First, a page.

“And you really think this is going to work?” I asked.
“I’m sure it will. As long as you pack the snow first, so I can build up enough speed by the time I hit the ramp.”
I sighed. My little sister had been in the garage for days—no, weeks—modifying her sled, only leaving off to go to school and eat meals. The floor was strewn with papers—fiendish-looking equations, diagrams, and sketches.
Mom and Dad humored her—let her use all the power tools, bought her sheet metal, wire, and who knows what else.
“We don’t want to squash her creativity,” said Mom.
It was creative, all right. The cheap plastic sled now looked like a silver bullet, with a sleek shell over the top. A small Perspex window gave the rider some visibility out the front. Fins and wings stuck out along the sides and back.
We reached the top of the hill and I handed Haley her bike helmet.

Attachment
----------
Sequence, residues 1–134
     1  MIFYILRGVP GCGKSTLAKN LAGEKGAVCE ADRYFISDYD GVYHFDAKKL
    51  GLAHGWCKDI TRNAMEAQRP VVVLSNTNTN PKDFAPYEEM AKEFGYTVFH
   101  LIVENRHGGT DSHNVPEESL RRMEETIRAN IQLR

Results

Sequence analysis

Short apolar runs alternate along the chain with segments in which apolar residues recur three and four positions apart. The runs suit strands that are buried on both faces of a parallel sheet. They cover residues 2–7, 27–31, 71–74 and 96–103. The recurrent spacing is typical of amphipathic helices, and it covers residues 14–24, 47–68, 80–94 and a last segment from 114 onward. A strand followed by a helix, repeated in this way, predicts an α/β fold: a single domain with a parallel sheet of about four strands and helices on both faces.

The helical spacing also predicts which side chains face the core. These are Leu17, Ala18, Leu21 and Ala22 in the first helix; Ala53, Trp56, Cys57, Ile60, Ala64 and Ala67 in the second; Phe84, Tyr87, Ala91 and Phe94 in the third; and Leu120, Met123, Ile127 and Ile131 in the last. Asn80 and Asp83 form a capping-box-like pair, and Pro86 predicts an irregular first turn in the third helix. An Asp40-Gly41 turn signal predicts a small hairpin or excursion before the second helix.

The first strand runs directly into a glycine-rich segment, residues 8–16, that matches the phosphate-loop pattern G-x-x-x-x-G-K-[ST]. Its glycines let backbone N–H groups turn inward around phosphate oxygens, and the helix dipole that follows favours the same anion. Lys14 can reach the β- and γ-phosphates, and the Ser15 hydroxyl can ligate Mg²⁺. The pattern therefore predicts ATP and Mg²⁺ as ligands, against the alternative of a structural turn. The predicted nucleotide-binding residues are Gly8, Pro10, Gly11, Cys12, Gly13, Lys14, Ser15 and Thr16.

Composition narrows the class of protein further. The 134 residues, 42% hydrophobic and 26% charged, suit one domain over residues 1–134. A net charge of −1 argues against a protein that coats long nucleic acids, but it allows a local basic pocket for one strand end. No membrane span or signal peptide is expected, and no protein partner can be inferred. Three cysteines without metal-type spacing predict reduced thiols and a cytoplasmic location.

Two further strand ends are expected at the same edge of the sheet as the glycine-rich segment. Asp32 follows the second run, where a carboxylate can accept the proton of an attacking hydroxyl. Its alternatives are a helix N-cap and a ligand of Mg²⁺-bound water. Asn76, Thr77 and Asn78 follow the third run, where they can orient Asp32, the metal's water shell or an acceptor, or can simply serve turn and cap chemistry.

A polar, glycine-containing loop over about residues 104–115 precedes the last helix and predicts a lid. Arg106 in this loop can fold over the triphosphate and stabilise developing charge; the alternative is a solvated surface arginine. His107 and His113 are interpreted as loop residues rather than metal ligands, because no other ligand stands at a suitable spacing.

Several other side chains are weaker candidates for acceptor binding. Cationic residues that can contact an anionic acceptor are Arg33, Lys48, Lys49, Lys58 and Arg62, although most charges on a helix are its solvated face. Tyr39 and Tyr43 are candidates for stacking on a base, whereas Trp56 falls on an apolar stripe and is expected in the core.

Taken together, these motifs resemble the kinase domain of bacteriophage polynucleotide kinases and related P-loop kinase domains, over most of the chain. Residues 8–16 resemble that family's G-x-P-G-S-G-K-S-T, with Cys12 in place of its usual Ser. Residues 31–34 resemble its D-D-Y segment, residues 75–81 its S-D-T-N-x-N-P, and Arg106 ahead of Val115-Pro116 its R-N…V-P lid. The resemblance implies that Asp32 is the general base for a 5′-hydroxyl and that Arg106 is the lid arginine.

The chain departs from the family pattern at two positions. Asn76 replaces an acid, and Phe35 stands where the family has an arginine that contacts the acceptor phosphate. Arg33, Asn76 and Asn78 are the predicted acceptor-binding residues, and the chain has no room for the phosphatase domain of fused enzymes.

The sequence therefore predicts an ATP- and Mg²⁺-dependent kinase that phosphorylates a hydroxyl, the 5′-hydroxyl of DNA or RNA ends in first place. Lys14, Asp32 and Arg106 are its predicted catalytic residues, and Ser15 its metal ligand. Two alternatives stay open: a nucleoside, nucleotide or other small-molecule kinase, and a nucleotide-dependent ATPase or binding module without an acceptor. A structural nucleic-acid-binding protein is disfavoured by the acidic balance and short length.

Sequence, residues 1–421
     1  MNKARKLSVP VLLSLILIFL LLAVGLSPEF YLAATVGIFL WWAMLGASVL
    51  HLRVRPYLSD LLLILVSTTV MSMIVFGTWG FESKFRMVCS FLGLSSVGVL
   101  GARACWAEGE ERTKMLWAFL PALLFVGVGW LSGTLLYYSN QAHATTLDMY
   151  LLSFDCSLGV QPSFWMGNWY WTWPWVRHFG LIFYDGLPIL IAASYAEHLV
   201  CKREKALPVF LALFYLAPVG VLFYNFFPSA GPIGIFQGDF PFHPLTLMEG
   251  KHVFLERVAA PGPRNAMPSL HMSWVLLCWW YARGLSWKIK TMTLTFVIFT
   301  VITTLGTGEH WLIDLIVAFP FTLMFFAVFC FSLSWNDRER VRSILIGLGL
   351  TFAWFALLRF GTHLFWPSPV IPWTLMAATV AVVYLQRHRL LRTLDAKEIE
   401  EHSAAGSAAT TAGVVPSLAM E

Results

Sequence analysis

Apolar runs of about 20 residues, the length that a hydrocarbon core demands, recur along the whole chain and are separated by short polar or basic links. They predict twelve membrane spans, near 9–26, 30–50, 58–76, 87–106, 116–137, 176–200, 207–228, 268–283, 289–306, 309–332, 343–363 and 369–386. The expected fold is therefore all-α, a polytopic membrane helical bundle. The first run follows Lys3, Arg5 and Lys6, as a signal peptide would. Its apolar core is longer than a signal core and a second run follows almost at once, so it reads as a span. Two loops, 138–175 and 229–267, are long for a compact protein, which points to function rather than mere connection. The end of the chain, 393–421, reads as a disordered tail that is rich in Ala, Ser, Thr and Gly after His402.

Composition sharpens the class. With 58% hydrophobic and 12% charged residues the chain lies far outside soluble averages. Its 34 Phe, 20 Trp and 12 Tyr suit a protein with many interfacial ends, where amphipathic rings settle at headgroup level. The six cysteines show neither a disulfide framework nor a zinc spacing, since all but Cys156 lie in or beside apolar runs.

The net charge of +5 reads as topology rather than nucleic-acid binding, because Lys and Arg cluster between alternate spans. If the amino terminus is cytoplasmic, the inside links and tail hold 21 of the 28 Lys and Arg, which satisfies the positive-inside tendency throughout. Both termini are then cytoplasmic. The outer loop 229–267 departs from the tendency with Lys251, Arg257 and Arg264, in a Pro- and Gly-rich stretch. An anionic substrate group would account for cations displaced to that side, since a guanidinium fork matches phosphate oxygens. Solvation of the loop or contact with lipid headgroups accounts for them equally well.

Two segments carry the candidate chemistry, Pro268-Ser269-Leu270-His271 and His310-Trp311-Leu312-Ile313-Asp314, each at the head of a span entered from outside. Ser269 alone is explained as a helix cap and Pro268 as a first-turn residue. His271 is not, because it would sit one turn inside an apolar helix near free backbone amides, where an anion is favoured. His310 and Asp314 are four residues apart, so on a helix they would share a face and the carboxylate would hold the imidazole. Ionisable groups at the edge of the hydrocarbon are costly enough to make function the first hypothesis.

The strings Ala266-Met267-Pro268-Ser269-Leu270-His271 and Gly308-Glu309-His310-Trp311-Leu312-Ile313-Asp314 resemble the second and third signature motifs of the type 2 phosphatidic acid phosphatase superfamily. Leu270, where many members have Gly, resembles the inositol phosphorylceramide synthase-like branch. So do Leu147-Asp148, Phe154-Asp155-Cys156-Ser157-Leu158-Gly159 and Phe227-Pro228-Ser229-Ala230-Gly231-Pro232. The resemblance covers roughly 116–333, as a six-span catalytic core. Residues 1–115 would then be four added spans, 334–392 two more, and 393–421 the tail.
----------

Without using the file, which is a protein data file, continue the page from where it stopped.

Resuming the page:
“Mom says you have to wear this.” Haley rolled her eyes but snapped the helmet on.
“If this ruins my weight calculations…”
“Better than ruining your head,” I said.
“Help me in.”
I lifted Haley and lowered her gently through the sled’s hatch. She grinned and gave me a thumbs-up before closing the hatch behind her.
Plopping my sled down at the top of the slope, I started down the hill. I hit the ramp at a good clip and soared into the air before landing with a thud in the snow beyond.
I had only just stopped and turned when Haley began her descent. God, she was moving fast! What had she done to her sled to make it go like that? I could see her face through the window, tense and full of excitement.
She hit the ramp and seemed to go straight up. And up. And up.
Then she was gone.
I blinked at the overcast sky and waited.
A few flakes of snow spiralled lazily down.
A crow cawed from a nearby tree.
Then I went home.